5 thoughts on “evolutionary sociology skepticism poll”

  1. Argh. This is a double barreled question. Can’t evolutionary and explanations with a genetic component be distinct?


    1. There’s a lot more to evolution and especially to evolutionary-type explanations for social patterns than genetics, I think is the point. Saying that specific traits have been traced to particular genes or mutations and that those traits affect behavior is a very specific and relatively narrow type of claim, as are measures of “heritability” of traits that don’t get down to the chromosomes but use data on twins and such. But a lot of evolutionary explanations are just-so stories that take some observed social pattern and concoct a hypothetical account for why that pattern could have been selected for among the purported hunter-gatherer ancestors of modern humans, where the moral of the story is that this must be the best of all possible worlds. They have no more scientific basis than “How the Leopard Got His Spots.”

      In the real world of evolutionary biology, it is my impression as a popular science reader only that there are debates about the mechanisms of selection, with geographic isolation, path dependency, and random events being big factors. “Survival of the fittest” gets its day, but only as one factor among many.


    2. I agree with olderwoman about the interaction of heritable traits (including genes) with other factors in producing any particular course of selection. I would add that the multi-level selection debate has undergone something of a resurgence in both biology and the philosophy of biology, partly spurred by interest in “major evolutionary transitions” as opposed to more workaday changes in trait frequency.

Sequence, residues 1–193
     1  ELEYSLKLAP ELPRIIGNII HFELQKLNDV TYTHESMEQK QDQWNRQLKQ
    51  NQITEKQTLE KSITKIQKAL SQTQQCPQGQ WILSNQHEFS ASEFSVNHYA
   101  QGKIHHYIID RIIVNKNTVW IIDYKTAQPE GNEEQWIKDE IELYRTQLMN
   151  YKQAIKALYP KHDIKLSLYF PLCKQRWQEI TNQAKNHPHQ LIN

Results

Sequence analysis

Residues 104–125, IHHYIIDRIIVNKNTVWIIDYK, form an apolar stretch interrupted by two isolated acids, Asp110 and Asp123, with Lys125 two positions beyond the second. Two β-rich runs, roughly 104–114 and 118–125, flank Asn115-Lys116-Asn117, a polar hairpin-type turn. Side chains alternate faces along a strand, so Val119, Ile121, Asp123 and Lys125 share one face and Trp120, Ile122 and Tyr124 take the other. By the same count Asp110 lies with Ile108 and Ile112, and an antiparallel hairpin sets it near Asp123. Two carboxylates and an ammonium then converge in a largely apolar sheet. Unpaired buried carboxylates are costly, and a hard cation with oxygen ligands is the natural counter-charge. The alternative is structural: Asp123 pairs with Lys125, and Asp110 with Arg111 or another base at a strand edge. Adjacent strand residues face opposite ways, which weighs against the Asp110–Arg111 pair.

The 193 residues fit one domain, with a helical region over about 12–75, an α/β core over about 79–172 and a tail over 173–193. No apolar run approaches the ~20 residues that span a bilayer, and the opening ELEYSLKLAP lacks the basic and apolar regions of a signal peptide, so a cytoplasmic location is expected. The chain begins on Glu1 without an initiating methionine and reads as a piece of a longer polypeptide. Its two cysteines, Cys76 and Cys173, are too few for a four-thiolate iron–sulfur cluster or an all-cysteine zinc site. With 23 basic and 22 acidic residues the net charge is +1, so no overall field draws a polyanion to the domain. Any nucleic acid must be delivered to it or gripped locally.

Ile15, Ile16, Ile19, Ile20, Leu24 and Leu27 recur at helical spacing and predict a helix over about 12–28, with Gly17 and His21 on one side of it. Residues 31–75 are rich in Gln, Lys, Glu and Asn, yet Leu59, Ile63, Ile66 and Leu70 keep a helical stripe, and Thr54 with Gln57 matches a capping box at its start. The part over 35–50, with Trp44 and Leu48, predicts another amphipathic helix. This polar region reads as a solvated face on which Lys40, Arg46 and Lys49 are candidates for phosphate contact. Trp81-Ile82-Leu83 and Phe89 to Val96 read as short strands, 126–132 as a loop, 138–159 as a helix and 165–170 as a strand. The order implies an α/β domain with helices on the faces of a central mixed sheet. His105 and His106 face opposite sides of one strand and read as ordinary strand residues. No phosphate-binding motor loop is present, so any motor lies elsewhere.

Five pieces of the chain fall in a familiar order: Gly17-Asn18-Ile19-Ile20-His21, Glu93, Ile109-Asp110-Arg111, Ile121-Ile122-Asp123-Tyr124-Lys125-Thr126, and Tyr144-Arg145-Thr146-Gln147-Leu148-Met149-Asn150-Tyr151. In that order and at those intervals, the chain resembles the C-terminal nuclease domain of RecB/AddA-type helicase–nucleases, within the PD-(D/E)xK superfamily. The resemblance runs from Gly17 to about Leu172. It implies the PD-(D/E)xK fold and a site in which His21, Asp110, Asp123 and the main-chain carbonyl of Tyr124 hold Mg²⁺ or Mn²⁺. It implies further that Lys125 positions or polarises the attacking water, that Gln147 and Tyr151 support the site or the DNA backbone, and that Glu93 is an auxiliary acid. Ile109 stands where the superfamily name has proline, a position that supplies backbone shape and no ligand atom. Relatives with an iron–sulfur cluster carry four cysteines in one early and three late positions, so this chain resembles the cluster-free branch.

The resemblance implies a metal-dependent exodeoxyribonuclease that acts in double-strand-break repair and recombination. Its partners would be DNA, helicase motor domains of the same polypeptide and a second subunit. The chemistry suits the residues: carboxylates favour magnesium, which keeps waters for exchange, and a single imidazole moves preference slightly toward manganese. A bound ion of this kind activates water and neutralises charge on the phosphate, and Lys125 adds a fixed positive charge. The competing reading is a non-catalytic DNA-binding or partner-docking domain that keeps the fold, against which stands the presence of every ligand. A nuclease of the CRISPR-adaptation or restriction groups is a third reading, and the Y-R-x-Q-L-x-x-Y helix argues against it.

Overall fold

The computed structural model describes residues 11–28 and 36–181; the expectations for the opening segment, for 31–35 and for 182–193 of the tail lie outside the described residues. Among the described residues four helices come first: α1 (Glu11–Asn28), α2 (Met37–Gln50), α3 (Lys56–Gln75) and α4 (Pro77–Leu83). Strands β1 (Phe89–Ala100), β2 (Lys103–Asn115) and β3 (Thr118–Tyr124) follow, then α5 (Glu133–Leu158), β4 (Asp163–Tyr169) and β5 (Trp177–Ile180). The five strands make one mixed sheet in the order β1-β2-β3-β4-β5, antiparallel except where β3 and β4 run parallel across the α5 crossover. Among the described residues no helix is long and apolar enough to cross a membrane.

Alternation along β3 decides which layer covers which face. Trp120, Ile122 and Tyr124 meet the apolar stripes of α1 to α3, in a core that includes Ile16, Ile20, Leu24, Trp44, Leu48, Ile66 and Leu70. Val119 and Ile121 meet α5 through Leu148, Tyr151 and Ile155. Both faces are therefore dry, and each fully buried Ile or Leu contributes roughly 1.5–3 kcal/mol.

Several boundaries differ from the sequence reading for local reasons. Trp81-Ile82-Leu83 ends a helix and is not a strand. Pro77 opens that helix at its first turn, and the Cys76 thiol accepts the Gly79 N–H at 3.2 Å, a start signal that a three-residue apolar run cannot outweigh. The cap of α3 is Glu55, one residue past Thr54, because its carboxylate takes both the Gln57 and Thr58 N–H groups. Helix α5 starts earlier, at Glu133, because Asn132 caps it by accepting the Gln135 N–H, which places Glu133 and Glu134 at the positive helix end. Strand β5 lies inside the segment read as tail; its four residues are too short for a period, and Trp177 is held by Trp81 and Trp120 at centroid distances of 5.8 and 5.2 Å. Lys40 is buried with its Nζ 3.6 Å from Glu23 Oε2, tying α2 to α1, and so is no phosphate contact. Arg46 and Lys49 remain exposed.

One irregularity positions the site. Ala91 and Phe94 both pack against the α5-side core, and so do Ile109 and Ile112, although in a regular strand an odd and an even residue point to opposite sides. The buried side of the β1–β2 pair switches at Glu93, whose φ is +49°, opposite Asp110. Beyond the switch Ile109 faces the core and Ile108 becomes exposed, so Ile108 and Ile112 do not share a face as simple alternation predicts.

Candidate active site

Samir Okasha’s fantastic recent book Evolution and the Levels of Selection is the work that has most affected by thinking on this topic. One thing Okasha (and a few of his precursors) do is distinguish two kinds of multi-level selection thesis. One retains individual organisms as the unit of selection, but considers how group membership affects individual fitness. The other considers selection between larger biological units that reproduce themselves, like species. The prevalence of traits at any level can be affected by selection acting on levels above and below it.

      The model that most of us usually have in mind when we think about natural selection doesn’t necessarily describe real historical processes of evolution very well, imho.


  2. I generally agree with olderwoman. But that’s precisely where the opportunity lies: sociologists should take part in evolutionary debates and criticize and provide their insights to natural scientists (because their grasp of social science is usually very poor). There’s no valid reason for isolating ourselves from other branches of science, but we sociologists seem to be trained to do it with a wave of the hand.


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